Programming in CUsing Random Access Seek in Files • The read and write operations on files are usually sequential in nature. • Random access permits non-sequential file access so that a file can be read or written out of sequence. • Random access in low-level file routines is performed using the lseek() function. Ver. 1.0 Slide 17 of 22
Programming in CThe lseek() Function • The lseek() function: Returns the file position, as measured in bytes from the beginning of the file. Has the following syntax: long lseek (int filedes, long offset, int origin); Ver. 1.0 Slide 18 of 22
Programming in CThe lseek() Function (Contd.) • The following table lists the various values of the third parameter (origin). Values for origin Description SEEK_SET or 0 Specifies that the offset is relative to the beginning of the file. The offset can only be positive. SEEK_CUR or 1 Specifies that the offset is relative to the current position. The offset can be positive or negative. SEEK_END or 2 Specifies that the offset is relative to the end of the file. The offset can be positive or negative. Ver. 1.0 Slide 19 of 22
Programming in CThe lseek() Function (Contd.) The following table lists some instructions for moving to the end or beginning of a file. Instruction Function used To get to the end of a file lseek(filedes,0,2); To return to the beginning of a file lseek(filedes,0,0); Ver. 1.0 Slide 20 of 22
Programming in CSummary In this session, you learned that: – In C, files and devices can be accessed by using high-level I/O or stream-level I/O and low-level I/O. – Low-level I/O functions are those, which provide direct access to files and peripheral devices. – A file descriptor is a non-negative integer, which is returned by the open() function and is used in read() and write() functions. It tells about the permission to access the file. – Low-level input/output functions are used for the following purposes: • Accessing files and devices directly • Reading the binary files in large chunks • Performing I/O operations quickly and efficiently – The open() function is used to open or create a file. Ver. 1.0 Slide 21 of 22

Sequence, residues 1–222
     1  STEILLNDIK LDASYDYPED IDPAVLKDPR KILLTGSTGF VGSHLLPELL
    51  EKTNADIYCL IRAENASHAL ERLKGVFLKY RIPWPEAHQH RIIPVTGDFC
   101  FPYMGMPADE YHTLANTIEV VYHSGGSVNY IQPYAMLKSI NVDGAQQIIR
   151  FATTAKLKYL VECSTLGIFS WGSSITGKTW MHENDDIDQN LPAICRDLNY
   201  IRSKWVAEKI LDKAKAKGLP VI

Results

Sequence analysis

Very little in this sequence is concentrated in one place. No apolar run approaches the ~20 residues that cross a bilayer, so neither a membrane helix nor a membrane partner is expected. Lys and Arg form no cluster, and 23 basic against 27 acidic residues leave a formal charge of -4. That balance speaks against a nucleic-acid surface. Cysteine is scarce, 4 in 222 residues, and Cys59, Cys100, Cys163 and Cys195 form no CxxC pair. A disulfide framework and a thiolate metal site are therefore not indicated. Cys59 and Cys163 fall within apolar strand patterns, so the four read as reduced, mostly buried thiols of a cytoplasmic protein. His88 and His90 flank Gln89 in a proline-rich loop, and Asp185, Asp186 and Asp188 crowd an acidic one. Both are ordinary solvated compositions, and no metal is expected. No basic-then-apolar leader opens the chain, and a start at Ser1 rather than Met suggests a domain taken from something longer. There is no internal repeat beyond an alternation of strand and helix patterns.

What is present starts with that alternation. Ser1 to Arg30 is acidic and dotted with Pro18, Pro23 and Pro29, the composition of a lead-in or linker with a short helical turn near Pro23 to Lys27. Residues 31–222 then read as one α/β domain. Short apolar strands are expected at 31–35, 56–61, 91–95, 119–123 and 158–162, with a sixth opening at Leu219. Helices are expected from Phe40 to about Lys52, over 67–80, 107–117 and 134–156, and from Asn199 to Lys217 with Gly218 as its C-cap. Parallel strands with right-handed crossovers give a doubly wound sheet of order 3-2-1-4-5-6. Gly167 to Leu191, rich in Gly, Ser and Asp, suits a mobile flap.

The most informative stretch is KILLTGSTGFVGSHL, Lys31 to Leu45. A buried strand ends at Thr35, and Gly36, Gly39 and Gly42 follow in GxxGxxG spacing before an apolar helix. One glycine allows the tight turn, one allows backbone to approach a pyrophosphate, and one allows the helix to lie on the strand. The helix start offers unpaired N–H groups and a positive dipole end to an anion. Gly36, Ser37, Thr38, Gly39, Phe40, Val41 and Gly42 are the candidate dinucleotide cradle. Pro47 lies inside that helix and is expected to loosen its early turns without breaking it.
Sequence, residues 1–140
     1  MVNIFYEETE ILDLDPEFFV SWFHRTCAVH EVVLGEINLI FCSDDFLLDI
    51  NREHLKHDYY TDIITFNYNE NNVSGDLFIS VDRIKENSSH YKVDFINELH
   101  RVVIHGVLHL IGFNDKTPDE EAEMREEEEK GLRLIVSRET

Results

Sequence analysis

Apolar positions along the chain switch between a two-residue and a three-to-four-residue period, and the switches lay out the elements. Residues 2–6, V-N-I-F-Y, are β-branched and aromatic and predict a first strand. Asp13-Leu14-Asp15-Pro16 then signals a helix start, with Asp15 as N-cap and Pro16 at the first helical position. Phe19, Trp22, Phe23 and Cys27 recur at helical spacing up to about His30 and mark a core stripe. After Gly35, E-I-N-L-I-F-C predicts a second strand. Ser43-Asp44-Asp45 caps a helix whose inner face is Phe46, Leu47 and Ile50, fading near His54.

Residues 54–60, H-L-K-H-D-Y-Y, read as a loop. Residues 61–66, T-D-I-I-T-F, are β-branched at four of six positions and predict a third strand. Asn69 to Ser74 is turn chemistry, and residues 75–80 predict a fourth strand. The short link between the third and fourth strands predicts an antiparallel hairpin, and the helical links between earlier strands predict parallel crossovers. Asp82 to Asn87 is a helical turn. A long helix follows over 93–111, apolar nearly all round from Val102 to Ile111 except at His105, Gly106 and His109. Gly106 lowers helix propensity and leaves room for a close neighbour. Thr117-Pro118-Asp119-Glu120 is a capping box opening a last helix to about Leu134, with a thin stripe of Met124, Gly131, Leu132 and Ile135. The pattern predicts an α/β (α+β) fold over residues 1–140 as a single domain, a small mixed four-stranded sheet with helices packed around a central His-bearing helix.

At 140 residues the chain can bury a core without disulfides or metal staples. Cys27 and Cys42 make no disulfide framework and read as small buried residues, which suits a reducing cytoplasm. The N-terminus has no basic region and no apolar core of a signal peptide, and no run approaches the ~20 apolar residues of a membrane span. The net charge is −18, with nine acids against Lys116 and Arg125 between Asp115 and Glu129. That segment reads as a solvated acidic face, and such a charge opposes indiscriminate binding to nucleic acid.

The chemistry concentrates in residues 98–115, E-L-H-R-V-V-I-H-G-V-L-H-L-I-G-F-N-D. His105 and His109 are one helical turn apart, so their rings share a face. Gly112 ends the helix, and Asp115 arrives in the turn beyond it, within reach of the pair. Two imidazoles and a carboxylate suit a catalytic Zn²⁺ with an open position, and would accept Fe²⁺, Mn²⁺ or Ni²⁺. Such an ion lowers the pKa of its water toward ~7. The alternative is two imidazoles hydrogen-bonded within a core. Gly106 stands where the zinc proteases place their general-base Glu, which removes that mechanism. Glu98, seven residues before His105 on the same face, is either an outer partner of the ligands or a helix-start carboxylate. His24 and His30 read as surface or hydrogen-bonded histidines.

Programming in CSummary (Contd.) – The close() function is used for closing the file. – The read() function reads the existing file up to specified size and stores it into a character array. – The write() function writes on the file taking input from a character array up to specified size. – Most of the low-level I/O functions throw errors during file handling. – errno is the variable that tells about the error occurred during a low-level I/O operation. – Files and devices can also be accessed randomly. – The lseek() function is used to place the file position to the desired place. – The lseek() function do not require to read or write the file for positioning it. Ver. 1.0 Slide 22 of 22